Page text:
The Cross and Crown church gift helped enable the Standing on the Promise campaign to reach the $4.9 million goal to build the retreat center at Lutheranch. However, construction costs have increased significantly since the building was designed and an additional $800,000 is needed to fully fund construction. If you would like to “Complete the Dream” for Lutheranch, contact Keith Trout at email@example.com or phone (864) 313-1453.
Designated by the state of North Carolina as “Lutherock Natural Area,” this camp represents one of the top areas in the state to preserve and protect. With two globally endangered ecosystems (Northern Hardwood of Beech, Birch and Sugar Maple), High Elevation Rock Summits, and three globally endangered species, it is no wonder the Blue Ridge Conservancy was eager to enter into an easement. The Clean Water Management Trust Fund also desired to protect the water quality of the North Toe River (also on the property), a primary source of drinking water for Spruce Pine, NC.
The easement is in accord with the Natural Resources Management Plan authored by Dr. Ed Hauser, who chaired NovusWay’s Environmental Stewardship Advisory Council and the North Carolina Synod’s Task Force on Caring for Creation. It also affirms the desire of the original twelve congregations that owned and operated Lutherock for four decades that the site remain a wilderness place and not be over-developed. Hauser had this to say about the easement, “I’m delighted at this action that will insure the visual scenic beauty, ecological integrity of endangered ecosystems and species, and natural streams and their riparian zones which support populations of the Wheller’s Salamander, a globally endangered species, and native brook trout. Camp Lutherock is literally a treasure for today and for future generations.”
Lutherock program directors, Kara and Jacob Ridenhour, are actively working to develop the “Living Waters Outdoor School” that focuses on environmental and adventure education at Lutherock. The site will utilize the unique Lutherock ecosystem as an outdoor classroom to help students not only experience the grandeur of God’s creation, but learn to better care for it.
Chief Operating Officer Susan Troutman, who guided the easement process for NovusWay together with board members, the Rev. Greg Williams, Hendersonville, and Joanna Britt, Winston-Salem, commented about the easement, “We were very careful to protect the camp’s facilities and future program and development potential, while at the same time respecting the unique ecosystem and treasures of Lutherock.”
The Blue Ridge Conservancy and Clean Water Management Trust Fund purchased the easement on 518 acres, but the camp maintains use of that part of the property. This means that the camp can continue to use and maintain hiking trails, undertake rock climbing, use and install tent platforms, picnic sites and overnight camping sites and ropes courses. However, the camp cannot build permanent structures or roads in the easement area. Troutman also indicated that all camp facilities (including the staff residence, climbing tower, recreation field, and the area known as the “saddle) are outside of the easement area. Also outside of the easement are all locations of potential future development.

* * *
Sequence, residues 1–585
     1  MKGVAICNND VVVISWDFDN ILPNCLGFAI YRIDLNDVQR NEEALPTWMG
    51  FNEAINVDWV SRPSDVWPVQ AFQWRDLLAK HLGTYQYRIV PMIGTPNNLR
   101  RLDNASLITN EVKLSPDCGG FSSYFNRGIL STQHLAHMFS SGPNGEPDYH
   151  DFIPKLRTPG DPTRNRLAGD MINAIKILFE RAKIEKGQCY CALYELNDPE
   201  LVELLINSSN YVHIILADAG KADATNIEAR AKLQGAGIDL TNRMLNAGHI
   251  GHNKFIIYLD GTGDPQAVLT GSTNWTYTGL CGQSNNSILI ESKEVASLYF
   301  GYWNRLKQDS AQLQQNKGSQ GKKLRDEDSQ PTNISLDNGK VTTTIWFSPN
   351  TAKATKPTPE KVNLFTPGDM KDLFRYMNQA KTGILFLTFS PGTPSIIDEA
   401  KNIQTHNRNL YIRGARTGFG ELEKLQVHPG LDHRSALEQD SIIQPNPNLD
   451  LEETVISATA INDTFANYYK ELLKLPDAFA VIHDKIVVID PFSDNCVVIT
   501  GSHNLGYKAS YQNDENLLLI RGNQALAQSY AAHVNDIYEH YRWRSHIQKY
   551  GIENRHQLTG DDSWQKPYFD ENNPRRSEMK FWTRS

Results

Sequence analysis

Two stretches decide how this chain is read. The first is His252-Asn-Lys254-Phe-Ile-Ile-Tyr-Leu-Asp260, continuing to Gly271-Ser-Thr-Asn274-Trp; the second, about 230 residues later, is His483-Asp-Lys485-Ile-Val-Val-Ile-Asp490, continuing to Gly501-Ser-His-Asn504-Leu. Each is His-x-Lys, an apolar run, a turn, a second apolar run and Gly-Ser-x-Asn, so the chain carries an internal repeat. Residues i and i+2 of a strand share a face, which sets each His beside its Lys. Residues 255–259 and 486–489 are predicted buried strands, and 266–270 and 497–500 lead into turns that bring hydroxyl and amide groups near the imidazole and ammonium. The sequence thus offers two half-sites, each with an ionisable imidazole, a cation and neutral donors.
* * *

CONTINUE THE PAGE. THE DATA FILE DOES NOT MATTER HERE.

There are additional benefits to the easement. Many readers will remember how Lutherock battled to keep Mountain Electric from running a transmission line through the site in 2012. With the easement no transmission line can run through the property. When the Blue Ridge Conservancy conducted a survey at its expense, they created a trail around the boundary, which now is a benefit to maintaining and monitoring the land. The Board of Trustees was unanimous in voting to enter into a conservation easement that both enables the ministry of Lutherock to continue to grow and develop in the future, while preserving the unique ecosystem and wilderness nature of the site.
After discussions with Bishop H. Julian Gordy, Southeastern Synod, to determine what it would take to build the full 40-room retreat center McKanna and his wife, Vivien Casagrande, have responded by making a very generous $2.2 million commitment over a three-year period (2015-2017). This extraordinary gift prompted the NovusWay Board of Trustees to authorize the architect to finalize construction documents for the retreat center. If all goes as planned, construction on the McKanna-Sandrock Retreat Center will begin in summer 2016. The center will feature 40 double occupancy guest rooms with private bathrooms, three conference rooms, and a large meeting/dining room, scenically set overlooking Stender Lake.
The future McKanna- Sandrock Retreat Center T
Bishop Gordy had this to say about the significance of the commitment and what it will mean to the members and congregations of the Southeastern Synod, “While Dr. McKanna’s generous gift will bless the whole church, its meaning to the congregations and people of the Southeastern Synod is hard to overstate. Here is a beautiful piece of God’s handiwork that will be a setting for faith development and renewal for many generations to come. I believe it will have the kind of impact that Lutheridge and Lutherock have had for Lutherans in the South over the years. I’m particularly glad that Dr. McKanna makes this gift to honor his ancestors and hope that many of us will be inspired to do likewise. We always stand on the shoulders of those people of faith who have come before us.”